Touring CES Eureka Park With Isobar To Find The Future Of VR, AR
CES in Las Vegas is the land of out-there innovation, as long as show-goers know where to look.
The days of CES being located in one location, such as the Las Vegas Convention Center, are long gone.
The show is now scattered around town, in various official show locations, including the convention center, The Venetian, Aria, Monte Carlo, Wynn Las Vegas and others.
However, each year the very new things are found in what is called Eureka Park, in the basement of the Sands Hotel. The Sands is also where the CES 2018 Innovation Awards are on display (I was one of the judges for the CES awards this year).
Like at CES last year, I did a deep dive into Eureka Park with Leigh Christie, Director, Isobar NowLab Americas, who specializes in AR, VR, IoT and pretty much any technology that’s likely to impact the future of marketing and advertising in any way.
Last year, Christie introduced me to technology that was behind the very early iterations of wireless virtual reality headsets. This year, they arrived.
After our rapid-fire visit to countless startups, I asked Christie for some of his thoughts on the show.
“Eureka park is the best place at CES for innovation,” said Christie. “All the ‘world's firsts’ and most disruptive technology projects are based there. I was surprised by the large number of augmented reality heads-up displays and counted at least a half dozen at Eureka Park alone. Improvements are coming out fast and the race is on.”
While still not mass adopted, the technology behind VR continues to advance as prices continue to decline.
At one display, Christie had me try some very light, wireless gloves that provided, with a high degree of accuracy, location of objects within a VR experience and the ability to select objects and interact with them.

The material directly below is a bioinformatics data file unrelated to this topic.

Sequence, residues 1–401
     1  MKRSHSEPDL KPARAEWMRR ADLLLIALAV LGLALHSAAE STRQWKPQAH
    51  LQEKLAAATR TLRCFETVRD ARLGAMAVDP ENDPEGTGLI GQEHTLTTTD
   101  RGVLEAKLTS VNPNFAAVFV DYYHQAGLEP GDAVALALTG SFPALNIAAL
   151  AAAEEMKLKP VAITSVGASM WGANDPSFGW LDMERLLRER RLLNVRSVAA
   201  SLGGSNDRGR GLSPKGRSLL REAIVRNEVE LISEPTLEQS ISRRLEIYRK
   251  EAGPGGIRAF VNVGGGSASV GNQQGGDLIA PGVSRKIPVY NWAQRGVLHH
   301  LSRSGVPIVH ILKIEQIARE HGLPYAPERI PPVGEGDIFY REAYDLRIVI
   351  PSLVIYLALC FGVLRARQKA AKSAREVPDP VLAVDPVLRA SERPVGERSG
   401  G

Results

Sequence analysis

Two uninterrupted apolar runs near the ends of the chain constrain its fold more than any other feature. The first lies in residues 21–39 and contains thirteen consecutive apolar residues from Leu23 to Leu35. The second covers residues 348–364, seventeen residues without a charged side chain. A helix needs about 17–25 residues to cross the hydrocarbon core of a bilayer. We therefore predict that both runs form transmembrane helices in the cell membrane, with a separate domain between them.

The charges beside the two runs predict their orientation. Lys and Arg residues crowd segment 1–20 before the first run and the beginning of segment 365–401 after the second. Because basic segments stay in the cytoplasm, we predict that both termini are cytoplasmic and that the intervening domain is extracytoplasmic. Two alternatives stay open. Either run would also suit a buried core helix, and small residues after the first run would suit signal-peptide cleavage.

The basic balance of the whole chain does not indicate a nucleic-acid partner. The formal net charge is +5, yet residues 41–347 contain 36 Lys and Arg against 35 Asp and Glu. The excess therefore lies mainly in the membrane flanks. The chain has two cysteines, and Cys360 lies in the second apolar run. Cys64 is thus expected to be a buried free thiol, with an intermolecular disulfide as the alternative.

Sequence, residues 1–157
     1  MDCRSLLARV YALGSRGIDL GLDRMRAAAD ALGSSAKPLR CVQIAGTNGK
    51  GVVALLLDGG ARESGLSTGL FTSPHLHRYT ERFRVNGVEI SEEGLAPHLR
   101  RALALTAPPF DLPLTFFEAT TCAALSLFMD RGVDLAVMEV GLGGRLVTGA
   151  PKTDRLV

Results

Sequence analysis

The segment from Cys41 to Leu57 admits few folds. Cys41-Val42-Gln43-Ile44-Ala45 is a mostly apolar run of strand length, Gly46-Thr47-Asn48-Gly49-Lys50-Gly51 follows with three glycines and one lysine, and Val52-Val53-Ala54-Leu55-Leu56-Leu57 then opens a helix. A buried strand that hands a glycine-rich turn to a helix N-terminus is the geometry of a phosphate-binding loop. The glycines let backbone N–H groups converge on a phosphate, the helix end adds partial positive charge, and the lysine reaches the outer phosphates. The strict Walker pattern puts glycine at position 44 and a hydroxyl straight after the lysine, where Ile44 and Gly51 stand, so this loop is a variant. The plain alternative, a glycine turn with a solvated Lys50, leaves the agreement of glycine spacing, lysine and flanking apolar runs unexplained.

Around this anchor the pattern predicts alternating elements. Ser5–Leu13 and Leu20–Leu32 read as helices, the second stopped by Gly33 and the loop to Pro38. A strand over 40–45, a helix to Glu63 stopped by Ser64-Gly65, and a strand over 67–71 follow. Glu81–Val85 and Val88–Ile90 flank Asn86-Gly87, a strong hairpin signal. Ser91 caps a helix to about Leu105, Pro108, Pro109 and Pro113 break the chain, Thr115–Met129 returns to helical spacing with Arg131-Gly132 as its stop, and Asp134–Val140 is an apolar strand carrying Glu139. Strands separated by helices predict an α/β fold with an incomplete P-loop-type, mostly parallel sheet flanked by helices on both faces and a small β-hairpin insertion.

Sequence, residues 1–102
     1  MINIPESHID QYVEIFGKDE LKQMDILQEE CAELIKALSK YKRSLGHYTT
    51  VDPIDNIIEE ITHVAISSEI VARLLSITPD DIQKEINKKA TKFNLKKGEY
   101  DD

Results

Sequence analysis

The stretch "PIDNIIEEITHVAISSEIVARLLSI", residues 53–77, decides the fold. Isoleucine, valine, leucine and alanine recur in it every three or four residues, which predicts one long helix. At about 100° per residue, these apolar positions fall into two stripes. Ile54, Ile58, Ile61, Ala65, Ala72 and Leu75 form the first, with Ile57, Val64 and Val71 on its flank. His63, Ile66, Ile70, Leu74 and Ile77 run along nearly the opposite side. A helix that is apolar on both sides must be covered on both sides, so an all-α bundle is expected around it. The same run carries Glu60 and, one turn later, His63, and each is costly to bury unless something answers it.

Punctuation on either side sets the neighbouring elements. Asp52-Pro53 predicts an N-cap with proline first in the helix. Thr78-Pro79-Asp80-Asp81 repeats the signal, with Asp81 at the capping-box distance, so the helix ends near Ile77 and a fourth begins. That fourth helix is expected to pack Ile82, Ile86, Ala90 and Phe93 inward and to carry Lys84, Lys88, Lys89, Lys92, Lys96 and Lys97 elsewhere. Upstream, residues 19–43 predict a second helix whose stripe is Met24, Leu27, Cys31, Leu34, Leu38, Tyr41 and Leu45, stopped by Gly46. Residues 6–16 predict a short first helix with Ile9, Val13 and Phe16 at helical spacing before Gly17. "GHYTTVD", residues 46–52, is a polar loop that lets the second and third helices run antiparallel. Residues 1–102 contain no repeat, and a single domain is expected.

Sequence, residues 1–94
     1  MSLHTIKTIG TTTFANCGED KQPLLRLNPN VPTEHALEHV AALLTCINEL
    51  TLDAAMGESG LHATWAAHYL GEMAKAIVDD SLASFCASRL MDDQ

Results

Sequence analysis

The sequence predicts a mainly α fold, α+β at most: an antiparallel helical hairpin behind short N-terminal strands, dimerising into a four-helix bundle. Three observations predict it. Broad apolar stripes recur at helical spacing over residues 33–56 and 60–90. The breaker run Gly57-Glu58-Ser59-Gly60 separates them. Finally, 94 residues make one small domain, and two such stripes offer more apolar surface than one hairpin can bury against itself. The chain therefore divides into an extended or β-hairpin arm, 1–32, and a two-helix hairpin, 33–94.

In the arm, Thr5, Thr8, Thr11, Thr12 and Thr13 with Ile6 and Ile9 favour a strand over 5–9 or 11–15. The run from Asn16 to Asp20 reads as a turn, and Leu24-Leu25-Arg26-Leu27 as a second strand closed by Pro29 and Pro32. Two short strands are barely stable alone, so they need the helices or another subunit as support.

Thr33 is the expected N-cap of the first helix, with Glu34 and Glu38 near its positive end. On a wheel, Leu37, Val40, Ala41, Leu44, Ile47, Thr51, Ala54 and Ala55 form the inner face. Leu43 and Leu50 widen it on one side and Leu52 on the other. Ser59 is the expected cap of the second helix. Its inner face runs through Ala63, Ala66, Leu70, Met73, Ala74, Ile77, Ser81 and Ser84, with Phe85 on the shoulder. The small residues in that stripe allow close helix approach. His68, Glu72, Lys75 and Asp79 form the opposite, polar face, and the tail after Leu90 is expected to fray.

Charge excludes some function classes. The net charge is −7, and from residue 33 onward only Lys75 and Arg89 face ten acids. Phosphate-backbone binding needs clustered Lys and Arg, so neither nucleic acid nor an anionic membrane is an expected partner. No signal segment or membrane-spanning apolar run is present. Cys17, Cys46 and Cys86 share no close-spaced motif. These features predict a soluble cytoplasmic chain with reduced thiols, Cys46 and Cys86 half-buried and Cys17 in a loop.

“We are seeing improved resolutions, increased field-of-view, less chromatic aberration and more stable, inside-out tracking,” said Christie. “That said, most of these AR headset companies will not survive. They are up against Magic Leap and Microsoft, not to mention HTC Vive and Oculus Rift, assuming these top-of-the-line VR systems can be converted to AR with the advent of low latency (high speed), pass-through video.”
I asked Christie if he noticed any shifts in market directions this time around.
“Two huge trends I noticed: hearables and markerless-AR,” he said
“Hearables are basically smart headphones. This is essentially an emerging touchpoint for consumers to interact with brands. That's why it's so exciting. The same thing happened with the smartphone. And with hundreds or even thousands of devices supporting Amazon's Alexa and Google Assistant, it's not out of the question that we could be having lengthy conversations with artificially intelligent personal assistants via our hearables in the very near future.
"Markerless-AR is just AR, only no markers are required to get depth information and track objects. This industry is moving much faster than most people predicted. Google's ARCore, for example, only requires a single camera to function. We'll be able to track pretty much anything or everything with just a few dollars’ worth of parts, plus some artificial intelligence on the computer vision's software side."
What to expect at CES next year?
“CES 2019 will bring a lot more AI powered devices,” said Christie. “It's already a huge trend, but it's accelerating much faster than pretty much any other CES trend.”
Looking forward to our next Eureka Park trip at CES 2019.
This article was originally published in MediaPost.